- Suspend serving communion until further notice
- Added cleaning and sanitizing by outside cleaning companies or volunteers, especially in the children’s areas
- Discontinue the greeting time in services
- Replace all handshakes, hugs or kisses with a smile, wave or elbow bump
- Ask individuals with any sign of illness or known exposure to not attend public gatherings
- Make bulletins or other materials available to congregants but do not have someone distributing them
- Provide added hand sanitizer throughout the building
- Place offering plates at back of sanctuary instead of passing them throughout the congregation
- Remind people to practice good hygiene by washing their hands often, covering their mouth when coughing or sneezing, etc.
- If someone attends one of your gatherings and later tests positive for the virus ask them to inform you so you can minister to them (have a plan for how to do so, FaceTime or another virtual platform, drop off a care package at their door with notes, gifts, etc.)
- Share with others if someone at your gathering was infected (you do not have to and probably should not share their name or information, but you can inform others if they were in a gathering where an individual was infected)
- Have a plan for how you will communicate to congregants and ask them to check it often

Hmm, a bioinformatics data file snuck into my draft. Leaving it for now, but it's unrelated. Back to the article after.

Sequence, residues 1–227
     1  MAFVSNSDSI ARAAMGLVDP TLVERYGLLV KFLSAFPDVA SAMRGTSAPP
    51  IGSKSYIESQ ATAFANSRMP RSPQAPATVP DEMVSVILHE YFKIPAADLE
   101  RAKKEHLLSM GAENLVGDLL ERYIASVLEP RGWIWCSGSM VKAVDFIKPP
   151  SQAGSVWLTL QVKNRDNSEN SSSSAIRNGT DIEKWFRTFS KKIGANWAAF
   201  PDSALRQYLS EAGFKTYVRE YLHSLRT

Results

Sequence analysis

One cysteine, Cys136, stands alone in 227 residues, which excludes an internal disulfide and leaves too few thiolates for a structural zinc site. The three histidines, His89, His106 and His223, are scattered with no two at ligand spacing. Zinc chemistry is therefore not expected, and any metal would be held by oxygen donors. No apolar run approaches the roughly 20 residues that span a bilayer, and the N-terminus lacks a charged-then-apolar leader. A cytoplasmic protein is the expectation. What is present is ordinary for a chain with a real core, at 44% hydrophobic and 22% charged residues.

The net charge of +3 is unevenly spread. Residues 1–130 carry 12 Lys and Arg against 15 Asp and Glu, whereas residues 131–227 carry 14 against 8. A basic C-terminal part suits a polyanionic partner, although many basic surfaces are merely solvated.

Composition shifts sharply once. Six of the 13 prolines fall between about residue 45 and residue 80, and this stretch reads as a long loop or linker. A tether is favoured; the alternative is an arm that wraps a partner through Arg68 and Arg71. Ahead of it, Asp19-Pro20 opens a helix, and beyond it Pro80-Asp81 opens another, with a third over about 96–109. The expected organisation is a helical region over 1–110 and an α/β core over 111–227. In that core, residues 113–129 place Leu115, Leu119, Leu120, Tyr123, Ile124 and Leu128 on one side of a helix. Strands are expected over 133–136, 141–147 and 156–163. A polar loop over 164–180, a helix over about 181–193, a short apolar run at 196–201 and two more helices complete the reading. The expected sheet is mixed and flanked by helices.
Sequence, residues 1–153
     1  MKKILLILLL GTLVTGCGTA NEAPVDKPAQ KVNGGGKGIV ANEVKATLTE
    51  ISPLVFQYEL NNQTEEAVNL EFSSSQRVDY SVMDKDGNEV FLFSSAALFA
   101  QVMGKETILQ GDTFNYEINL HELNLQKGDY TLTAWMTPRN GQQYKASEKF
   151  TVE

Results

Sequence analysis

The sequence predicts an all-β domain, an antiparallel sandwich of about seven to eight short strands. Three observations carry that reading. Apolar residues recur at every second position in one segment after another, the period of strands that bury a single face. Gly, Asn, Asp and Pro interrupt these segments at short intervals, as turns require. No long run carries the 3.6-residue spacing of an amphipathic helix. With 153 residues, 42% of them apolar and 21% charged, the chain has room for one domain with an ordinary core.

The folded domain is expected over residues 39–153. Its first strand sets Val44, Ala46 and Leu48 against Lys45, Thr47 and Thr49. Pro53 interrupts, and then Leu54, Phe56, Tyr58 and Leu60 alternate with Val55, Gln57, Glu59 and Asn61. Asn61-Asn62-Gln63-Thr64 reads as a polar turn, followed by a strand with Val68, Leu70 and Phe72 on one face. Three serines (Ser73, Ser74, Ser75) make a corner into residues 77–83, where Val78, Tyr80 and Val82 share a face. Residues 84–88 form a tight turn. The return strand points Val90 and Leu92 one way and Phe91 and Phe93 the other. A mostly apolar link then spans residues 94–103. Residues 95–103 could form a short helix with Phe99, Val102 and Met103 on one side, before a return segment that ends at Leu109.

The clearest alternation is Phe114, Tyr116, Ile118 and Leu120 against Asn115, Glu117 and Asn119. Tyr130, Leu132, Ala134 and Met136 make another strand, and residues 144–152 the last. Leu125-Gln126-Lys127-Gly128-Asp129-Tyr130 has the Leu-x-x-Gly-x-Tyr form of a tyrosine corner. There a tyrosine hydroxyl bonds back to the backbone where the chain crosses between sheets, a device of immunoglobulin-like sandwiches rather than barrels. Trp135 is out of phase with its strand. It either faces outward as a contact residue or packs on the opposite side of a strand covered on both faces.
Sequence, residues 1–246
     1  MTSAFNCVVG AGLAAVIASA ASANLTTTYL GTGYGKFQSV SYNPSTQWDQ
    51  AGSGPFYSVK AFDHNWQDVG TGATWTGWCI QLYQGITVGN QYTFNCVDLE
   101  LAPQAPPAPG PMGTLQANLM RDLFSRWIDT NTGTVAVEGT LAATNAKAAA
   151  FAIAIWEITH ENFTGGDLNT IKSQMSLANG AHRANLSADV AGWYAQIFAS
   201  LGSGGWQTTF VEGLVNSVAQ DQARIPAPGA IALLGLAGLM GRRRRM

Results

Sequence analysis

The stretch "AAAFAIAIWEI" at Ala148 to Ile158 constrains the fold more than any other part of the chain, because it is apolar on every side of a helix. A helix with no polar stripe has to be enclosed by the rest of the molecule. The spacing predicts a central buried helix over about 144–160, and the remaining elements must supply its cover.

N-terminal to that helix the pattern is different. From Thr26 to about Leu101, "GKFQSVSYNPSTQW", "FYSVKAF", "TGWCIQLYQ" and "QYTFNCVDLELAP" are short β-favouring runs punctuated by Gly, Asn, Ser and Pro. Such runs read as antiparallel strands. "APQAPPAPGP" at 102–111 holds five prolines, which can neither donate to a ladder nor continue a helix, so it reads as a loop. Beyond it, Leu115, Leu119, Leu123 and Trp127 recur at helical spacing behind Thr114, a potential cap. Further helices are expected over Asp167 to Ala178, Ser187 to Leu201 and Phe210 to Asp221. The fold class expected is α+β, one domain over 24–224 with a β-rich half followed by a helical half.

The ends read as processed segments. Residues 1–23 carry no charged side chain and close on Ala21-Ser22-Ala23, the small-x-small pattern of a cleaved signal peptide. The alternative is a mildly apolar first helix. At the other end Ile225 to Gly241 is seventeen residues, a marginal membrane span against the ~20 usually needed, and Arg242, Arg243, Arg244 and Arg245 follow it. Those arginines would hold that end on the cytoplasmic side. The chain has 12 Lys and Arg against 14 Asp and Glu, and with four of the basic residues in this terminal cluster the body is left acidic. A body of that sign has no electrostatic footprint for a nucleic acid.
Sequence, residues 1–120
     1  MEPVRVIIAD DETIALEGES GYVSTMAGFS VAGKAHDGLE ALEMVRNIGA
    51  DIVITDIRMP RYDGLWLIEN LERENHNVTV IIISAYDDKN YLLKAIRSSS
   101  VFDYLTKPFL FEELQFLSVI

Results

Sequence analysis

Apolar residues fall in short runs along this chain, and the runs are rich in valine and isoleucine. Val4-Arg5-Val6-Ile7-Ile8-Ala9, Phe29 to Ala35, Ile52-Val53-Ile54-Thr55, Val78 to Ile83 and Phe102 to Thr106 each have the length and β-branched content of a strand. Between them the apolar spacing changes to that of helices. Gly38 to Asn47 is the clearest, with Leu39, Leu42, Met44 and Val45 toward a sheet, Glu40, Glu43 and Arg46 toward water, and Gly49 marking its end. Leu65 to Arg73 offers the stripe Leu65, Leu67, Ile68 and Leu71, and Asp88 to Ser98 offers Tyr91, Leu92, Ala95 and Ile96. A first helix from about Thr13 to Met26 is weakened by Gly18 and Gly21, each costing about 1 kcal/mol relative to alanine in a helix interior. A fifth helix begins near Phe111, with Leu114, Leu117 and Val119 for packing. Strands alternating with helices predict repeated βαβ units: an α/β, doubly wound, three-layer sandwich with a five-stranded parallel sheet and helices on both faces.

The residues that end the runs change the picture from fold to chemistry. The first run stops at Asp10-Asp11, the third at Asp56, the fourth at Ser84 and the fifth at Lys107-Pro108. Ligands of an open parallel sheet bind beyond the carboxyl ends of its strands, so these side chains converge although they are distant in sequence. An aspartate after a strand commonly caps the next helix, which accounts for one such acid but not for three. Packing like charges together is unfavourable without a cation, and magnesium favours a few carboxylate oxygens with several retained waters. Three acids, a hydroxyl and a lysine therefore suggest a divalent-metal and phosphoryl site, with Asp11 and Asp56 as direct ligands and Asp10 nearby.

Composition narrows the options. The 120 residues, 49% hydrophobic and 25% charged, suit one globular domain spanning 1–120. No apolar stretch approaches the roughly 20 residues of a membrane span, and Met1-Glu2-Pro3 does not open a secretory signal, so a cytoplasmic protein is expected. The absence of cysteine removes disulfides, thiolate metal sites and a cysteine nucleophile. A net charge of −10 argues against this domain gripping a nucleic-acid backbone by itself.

- Inform congregants that the situation is a fluid one and decisions are being made all the time so they’ll want to check for your communications frequently
- Send words of reassurance, prayer and scripture to congregants if you do suspend public gatherings (your words are invaluable during a time like this)
- Check in more often on the elderly, disabled, or at risk populations
- Consider work at home arrangements for your church staff
- In lieu of canceled public services consider a virtual platform (FaceTime, Zoom, etc.)
In the end, don’t be hesitant to make a decision you feel is best for all. It’s easy to “second guess” a decision but that’s better than regretting not having made the one you felt was best.
I encourage you to review these two links for additional information. Guidelines from the CDC for Community and Faith Leaders and Christianity Today written by Stephen Ko, an Alliance pastor in NYC and a former medical officer with the CDC.
Above all, remind yourself and others that we serve a sovereign and merciful God who watches over every step we take and he does not slumber nor does he sleep. God is our Great Physician and heals all our diseases. Times like this are when the church does what it does best. We love people and show them lasting hope.
If there is anything we can do for you please let us know!